Ask Gerda: Do lectins in food damage my intestines?


Dear God, I have heard that many plant foods contain lectins that supposedly damage the intestines and cause problems all over the body. I’m a vegetarian and I wonder how that can be – do lectins in food really hurt me? – Desire

Hello, Desiree. There is evidence that if certain lectin-rich foods are not well cooked, they can damage the intestines. Poisoning from undercooked beans is documented, and the lectins are to blame. However, legumes have been part of the human diet, providing fiber, protein, vitamins and minerals for at least 8,000 years, and damage the intestines of well-cooked beans not demonstrated.

But let me tell you, some doctors i researchers have suggested that lectins in many common plant foods can cause inflammation, intestinal leakage, and autoimmune diseases. And preliminary research shows that these concerns are worth exploring.

Lectins are proteins, and we digest most proteins, which means that our digestive enzymes break them down into harmless amino acids. However, lectins are difficult to digest if they are not cooked. These are uncooked undigested lectins that can damage the intestines. They are not unique in this respect; gluten is another problematic protein that resists digestion. Incompletely digested proteins can cause allergic reactions and allergies to lectins in wheat, bananas, avocados, chestnuts, beets and corn are reported. But allergies are not the biggest problem.

Lectins in uncooked food cause the intestines to leak by punching holes in the layer of cells – mucous membranes – that line the intestines. Lectins also prevent intestinal wall cells from digesting and absorbing nutrients, and they also activate white blood cells, encouraging inflammation. And preliminary research suggests that lectins can affect the immune system and other tissues outside the gut. Inflammation research is underway effects of peanut lectin, especially.

Two of the best studied and most powerful lectins are PHA (phytohemagglutinin), from beans, and WGA (wheat germ agglutinin), from wheat. WGA could be one of the reasons – other than gluten – that some people feel that wheat doesn’t agree with them. WGA can bind to intestinal cells and preliminary research suggests that it can increase bowel permeability. It can also activate white blood cells and is proinflammatory. WGA is found in the grain-rich germs of grains, which are removed when the grains are refined. There is more information about wheat in our country goop doctorate article on celiac disease and gluten intolerance.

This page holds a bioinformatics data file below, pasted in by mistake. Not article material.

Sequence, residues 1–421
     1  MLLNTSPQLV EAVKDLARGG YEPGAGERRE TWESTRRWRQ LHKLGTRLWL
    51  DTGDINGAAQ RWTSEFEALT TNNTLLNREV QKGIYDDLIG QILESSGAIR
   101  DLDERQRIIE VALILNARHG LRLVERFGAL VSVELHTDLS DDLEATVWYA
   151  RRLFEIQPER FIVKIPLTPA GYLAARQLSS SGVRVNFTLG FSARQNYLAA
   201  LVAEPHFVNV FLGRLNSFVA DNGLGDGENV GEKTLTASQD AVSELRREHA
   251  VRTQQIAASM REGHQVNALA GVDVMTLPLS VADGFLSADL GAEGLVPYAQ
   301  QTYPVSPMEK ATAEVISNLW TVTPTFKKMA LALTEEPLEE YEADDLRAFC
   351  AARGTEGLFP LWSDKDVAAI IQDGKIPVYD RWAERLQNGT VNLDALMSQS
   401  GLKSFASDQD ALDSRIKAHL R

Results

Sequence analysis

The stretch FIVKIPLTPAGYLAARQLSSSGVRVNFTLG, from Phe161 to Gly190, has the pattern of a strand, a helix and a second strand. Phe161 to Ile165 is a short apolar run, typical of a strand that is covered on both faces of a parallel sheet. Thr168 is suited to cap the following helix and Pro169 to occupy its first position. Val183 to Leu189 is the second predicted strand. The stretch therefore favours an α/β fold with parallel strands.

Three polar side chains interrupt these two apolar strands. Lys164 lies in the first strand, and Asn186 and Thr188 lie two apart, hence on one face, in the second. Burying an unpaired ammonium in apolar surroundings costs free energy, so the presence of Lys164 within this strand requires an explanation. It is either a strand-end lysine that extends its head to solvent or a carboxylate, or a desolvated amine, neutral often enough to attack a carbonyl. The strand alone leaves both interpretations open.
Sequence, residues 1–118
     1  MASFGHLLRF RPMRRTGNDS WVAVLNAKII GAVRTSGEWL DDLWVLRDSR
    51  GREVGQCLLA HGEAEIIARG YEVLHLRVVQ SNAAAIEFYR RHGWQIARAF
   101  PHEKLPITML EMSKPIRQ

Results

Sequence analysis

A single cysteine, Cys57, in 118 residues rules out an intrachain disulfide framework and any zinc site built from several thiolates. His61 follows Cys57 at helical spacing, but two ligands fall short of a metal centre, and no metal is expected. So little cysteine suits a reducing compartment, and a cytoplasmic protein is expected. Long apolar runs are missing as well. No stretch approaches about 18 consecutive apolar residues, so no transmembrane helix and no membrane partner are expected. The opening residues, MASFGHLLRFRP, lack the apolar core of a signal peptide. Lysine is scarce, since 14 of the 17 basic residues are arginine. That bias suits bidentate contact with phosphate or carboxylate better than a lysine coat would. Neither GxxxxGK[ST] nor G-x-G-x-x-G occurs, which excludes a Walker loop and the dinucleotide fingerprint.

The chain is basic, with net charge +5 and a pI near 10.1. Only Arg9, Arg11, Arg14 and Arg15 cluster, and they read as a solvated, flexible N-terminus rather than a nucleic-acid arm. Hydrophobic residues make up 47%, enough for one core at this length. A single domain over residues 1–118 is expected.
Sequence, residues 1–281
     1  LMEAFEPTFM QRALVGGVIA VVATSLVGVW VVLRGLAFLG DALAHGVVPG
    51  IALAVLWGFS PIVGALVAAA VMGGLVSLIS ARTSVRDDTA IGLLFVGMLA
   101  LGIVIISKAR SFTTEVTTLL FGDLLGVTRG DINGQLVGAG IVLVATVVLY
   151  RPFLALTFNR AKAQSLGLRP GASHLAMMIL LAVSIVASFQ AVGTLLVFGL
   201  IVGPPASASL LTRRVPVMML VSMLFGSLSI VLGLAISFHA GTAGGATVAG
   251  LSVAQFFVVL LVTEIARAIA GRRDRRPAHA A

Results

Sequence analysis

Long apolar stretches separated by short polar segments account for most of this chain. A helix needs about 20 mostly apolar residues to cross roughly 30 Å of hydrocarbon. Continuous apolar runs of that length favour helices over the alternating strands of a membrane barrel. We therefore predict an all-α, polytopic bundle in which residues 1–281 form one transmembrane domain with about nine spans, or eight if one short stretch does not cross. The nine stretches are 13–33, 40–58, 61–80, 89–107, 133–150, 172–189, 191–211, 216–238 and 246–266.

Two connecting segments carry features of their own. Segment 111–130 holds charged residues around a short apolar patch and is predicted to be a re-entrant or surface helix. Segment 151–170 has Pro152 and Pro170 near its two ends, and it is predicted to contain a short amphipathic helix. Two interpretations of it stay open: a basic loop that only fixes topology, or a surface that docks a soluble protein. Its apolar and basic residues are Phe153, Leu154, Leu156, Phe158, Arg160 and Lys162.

Should you avoid lectins? They’re everywhere, so you can’t really. And you don’t have to because not all lectins are harmful. They are found in almost all organisms, including animals, microorganisms, and plants, where they are concentrated in seeds. Foods that contain the highest amounts of potentially harmful lectins are cereals and legumes, in order of highest to lowest lectin content –according to one analysis– soybeans, other beans, lentils, peas, fava beans and chickpeas.

We all ate beans without suffering from food poisoning. Lectins are inactivated by cooking or cooking under pressure. They they were not destroyed microwave, baking or roasting. You cannot count on germination or fermentation, although these processes can help reduce lectin activity. The recommendation is: Soak the beans, then boil them or cook under pressure until done. Should we have listened to those cooks and grandmothers who cooked vegetables to gray and mushy? Should we consider Ayurvedic practice, where raw salads are not great on the menu?

There is a lack of evidence that lectins in raw plant foods create problems for most of us. But we know that physiology is very individual and that food intolerances are poorly understood. It is possible to eat small amounts of uncooked lectins could contribute inflammation, immune system disorders and problems with nutrient absorption. If you think you are bothered by certain raw foods, try to cook it thoroughly and see if it helps. Listen to your insides.

It is possible that it is not yet well understood to what extent lectins affect our health. But one thing is clear: Too much alcohol falls hard into the intestines. I love having an alternative during cocktails, and my go-to prepared mocktail is Kin Spritz. It is sophisticated, sparkling and refreshing.

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